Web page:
Library filed under Zoning/Planning from Maine
Selectmen have believed that the setback applied to occupied dwellings. However, the wording of the ordinance is so unclear that the 4,000-foot setback could be from access roads, wetlands, power lines and substations, Carroll said.
"There is a great deal of controversy about noise, and we were not happy with any of the other solutions that were presented," he said. The town worked with an acoustic engineer to draw up rules that change based on individual turbines. Louder turbines need to be farther back.
"An ordinance would insure an application process that is transparent, protects the town financially and [has] a code of ethics to avoid conflicts of interest from being part of the process," Gray said.
Buccina argued with Kiely that when he worked on the ordinance's technical portions, he relied on the opinions of experts and then applied that to protect the town's assets. "This is a wind ordinance for Rumford," Buccina said. "It's not about First Wind. The people of our community need to be protected.
About 20 people attended a special business meeting Tuesday to discuss proposed charter changes on how budget and initiated articles are voted and on a proposed wind ordinance.
Kiely said that the ordinance, as proposed, would not allow his company to develop the tentatively planned project that calls for building 12 turbines in Rumford and seven in adjacent Roxbury on privately owned, leased land. That project would add about $65 million to the towns' tax value, he said.
Although there are no pending proposals for wind power development in town, Grindal noted that a local group has been researching the potential for local wind power and has installed an anemometer to track wind speeds in an area off the Old County Road. The petition cites the sudden "threat of increased development pressure from wind power developments."
Voters in Sedgwick will decide whether to enact a local moratorium on wind power development when they go to the polls Nov. 2 to help select Maine's next governor, weigh in on state referendum questions and cast ballots for state and federal legislators and county officials.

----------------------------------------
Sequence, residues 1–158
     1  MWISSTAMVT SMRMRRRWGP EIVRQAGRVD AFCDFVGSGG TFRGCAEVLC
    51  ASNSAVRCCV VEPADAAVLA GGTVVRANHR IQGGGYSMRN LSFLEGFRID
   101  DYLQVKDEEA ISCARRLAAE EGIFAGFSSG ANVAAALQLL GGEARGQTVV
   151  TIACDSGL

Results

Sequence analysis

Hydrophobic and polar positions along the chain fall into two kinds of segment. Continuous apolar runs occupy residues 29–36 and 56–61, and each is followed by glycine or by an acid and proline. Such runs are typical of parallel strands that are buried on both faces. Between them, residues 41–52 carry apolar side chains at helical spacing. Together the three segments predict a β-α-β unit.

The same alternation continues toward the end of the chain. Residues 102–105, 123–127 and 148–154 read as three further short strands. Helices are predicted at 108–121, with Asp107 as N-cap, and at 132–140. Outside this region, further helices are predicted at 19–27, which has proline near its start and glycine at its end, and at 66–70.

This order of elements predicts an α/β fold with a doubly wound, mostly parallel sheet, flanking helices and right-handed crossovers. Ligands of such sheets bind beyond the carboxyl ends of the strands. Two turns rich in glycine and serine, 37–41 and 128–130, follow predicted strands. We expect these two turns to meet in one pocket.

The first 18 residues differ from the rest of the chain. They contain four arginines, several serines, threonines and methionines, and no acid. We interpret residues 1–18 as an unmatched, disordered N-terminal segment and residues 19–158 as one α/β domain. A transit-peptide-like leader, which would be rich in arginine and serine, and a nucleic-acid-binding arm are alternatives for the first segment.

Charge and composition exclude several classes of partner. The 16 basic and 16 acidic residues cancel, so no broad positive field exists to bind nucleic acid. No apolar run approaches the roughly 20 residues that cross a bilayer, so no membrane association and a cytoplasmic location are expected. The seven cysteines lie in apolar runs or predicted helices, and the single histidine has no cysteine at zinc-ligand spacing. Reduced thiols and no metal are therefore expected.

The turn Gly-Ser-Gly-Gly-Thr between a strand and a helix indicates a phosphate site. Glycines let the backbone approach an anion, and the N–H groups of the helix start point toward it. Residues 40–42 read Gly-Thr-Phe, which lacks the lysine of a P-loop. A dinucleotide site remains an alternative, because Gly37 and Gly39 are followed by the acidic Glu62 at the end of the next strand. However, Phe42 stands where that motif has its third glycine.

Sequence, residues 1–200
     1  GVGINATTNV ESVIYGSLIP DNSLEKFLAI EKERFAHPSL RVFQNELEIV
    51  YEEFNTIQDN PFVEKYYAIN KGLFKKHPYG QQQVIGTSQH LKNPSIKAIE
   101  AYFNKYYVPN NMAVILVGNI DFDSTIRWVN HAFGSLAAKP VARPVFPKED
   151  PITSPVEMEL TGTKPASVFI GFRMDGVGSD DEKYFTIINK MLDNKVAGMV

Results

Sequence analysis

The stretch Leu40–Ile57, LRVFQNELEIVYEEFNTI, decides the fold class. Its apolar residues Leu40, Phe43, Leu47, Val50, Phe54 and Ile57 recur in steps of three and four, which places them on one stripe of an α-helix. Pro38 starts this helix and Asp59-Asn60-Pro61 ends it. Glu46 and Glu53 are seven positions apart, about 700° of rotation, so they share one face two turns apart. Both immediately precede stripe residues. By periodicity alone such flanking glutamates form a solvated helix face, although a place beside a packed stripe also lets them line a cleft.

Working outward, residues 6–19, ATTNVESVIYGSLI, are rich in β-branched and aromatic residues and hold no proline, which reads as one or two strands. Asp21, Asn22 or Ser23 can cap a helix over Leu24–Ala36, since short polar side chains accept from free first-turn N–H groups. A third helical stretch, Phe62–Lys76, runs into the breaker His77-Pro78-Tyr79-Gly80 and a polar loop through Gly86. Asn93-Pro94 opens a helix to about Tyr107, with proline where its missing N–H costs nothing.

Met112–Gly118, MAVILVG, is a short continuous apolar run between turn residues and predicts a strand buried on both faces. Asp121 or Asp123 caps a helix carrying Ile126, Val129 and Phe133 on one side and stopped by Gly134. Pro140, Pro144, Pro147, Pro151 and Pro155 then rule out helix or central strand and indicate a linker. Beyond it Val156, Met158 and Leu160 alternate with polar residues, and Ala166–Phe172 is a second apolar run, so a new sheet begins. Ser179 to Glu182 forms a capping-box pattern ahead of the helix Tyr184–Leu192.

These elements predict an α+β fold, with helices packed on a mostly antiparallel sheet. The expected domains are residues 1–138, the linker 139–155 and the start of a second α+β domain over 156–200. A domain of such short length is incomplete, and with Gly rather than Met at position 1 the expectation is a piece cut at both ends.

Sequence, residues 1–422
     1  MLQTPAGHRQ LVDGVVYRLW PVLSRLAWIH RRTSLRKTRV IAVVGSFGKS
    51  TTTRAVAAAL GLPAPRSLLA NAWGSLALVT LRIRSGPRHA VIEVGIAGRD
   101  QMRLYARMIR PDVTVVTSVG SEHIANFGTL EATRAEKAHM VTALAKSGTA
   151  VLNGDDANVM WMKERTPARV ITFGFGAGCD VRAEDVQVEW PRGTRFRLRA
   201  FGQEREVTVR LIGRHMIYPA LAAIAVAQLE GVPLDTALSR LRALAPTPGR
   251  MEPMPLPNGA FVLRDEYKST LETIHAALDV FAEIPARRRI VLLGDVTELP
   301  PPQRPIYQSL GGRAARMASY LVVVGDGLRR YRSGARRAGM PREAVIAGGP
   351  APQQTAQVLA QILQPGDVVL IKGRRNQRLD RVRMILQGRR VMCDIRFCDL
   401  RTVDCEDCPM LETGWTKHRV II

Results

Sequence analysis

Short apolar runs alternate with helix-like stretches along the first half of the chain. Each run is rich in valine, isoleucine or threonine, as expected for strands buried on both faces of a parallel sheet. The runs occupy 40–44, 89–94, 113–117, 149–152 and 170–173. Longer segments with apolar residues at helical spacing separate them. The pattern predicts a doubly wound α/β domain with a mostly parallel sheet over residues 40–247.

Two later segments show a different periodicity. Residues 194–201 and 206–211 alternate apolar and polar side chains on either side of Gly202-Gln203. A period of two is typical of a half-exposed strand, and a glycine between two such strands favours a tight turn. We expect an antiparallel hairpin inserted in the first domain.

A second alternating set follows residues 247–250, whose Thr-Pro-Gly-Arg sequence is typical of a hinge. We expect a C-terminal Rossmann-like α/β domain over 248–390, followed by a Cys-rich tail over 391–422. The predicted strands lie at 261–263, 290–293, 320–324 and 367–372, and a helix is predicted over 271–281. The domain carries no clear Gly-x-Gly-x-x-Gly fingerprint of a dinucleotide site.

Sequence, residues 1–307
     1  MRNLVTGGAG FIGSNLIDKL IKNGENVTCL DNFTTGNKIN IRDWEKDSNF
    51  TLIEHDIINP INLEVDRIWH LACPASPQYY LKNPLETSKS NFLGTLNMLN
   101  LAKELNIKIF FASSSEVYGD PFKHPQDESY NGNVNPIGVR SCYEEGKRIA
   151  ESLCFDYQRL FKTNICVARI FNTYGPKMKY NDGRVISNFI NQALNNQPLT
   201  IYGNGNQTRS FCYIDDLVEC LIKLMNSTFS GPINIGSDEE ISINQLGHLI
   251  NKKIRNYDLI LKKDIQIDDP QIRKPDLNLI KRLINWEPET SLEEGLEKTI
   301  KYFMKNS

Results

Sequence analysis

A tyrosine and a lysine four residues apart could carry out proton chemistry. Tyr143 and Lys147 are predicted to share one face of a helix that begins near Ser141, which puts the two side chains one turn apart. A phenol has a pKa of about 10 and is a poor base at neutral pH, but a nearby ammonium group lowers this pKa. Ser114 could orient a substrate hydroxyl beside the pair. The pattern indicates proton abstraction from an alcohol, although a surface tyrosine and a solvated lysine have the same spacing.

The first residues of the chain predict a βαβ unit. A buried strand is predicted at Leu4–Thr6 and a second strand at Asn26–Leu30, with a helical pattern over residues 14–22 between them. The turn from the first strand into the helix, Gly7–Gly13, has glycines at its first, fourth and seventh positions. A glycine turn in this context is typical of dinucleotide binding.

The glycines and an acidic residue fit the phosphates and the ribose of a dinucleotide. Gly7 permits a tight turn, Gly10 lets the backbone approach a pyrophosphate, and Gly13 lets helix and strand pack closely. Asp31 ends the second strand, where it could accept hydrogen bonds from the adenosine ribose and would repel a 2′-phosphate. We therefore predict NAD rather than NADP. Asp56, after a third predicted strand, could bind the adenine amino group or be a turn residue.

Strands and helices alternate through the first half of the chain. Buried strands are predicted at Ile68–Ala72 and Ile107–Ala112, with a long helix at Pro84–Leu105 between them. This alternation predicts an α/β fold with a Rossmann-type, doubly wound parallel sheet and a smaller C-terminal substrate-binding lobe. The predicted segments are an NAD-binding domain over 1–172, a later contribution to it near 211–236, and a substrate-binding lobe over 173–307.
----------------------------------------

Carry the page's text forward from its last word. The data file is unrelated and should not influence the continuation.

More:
We chose Dixmont's ordinance as a starting point because it was the most protective. These limits are in line with the World Health Organization's European section, where a long history of wind development has provided ample opportunity to discover where health-impacting mistakes were made.
The ordinance includes a series of acoustic formulas, designed to regulate how far a turbine, making noise of a certain volume, can be placed near another resident's property line. The formula, which planning board members noted was "conservative," includes modifiers for atmospheric variation, errors in measurement and the number of turbines.
The purpose of this Ordinance is to protect the health, safety, and general welfare of the residents and property owners of Phillips by establishing reasonable and uniform regulations for Wind Energy Facilities (WEFs). The comprehensive setback standards detailed in the ordinance protect against the hazards of a) Falling and Debris Hazard, b) Flicker Hazard, and c) Acoustic Hazard.
Depending on what selectmen decide at next Wednesday's special meeting, voters trying to adopt an ordinance on Nov. 2 to regulate wind farms could face two proposals instead of one. Currently, selectmen have accepted one proposed ordinance from the Wind Power Advisory Committee.
Selectman Greg Buccina believes the proposed ordinance is important to protecting residents as well as stringent enough to prevent people from challenging it. "I think we need to overprotect," he said. Selectman Mark Belanger argued that the proposed ordinance essentially outlaws wind development.
Most of the approximately 20 people who turned out for Monday's public hearing on a proposed Mountain District Ordinance appeared to be against it, and not because it would essentially ban the development of a wind farm project.
Seven months worth of work by the Wind Power Advisory Committee to craft the town's first ordinance with which to regulate wind farms ran into stiff turbulence from a few selectmen and a Massachusetts-based wind developer at Thursday night's workshop. It would require among other things, a minimum 1-mile setback of turbines from residences and wind turbines that don't reflect sunlight.
RUMFORD - Selectmen have scheduled a workshop at 5:30 p.m. Thursday with their Wind Power Advisory Committee, which has a proposed wind power development ordinance.
McKay said in an e-mail that the petition asks voters to create an ordinance that would prohibit industrial development, except logging operations and communication towers, above 1,000 feet elevation in the areas of the Colonel Holman Mountain range and Sugarloaf Mountain. ...The town's wind moratorium, which will have been in effect for a year, expires in October.
Maine's largest wind power developer is asking state regulators to reclassify nearly 700 acres of timberland in northern Washington County where the company hopes to build part of a 25-turbine wind farm.
The proposed wind ordinance passed by a large majority at the annual town meeting on Saturday. Approximately 70 residents participated. The ordinance calls for a 1-mile setback and limits any sound output. James Parker from the Planning Board spoke for its passage saying the ordinance was for industrial-sized windmills.
Stockton Springs, at its annual town meeting, June 19, became the fourth town in Waldo County to enact a restrictive ordinance targeting wind energy development. The 23-page document, which Selectwoman Sara Bradford said was based on the state's model ordinance and comparisons with wind ordinances in a half-dozen other towns, requires a mile setback from occupied buildings and caps noise at 50 decibels at the property line.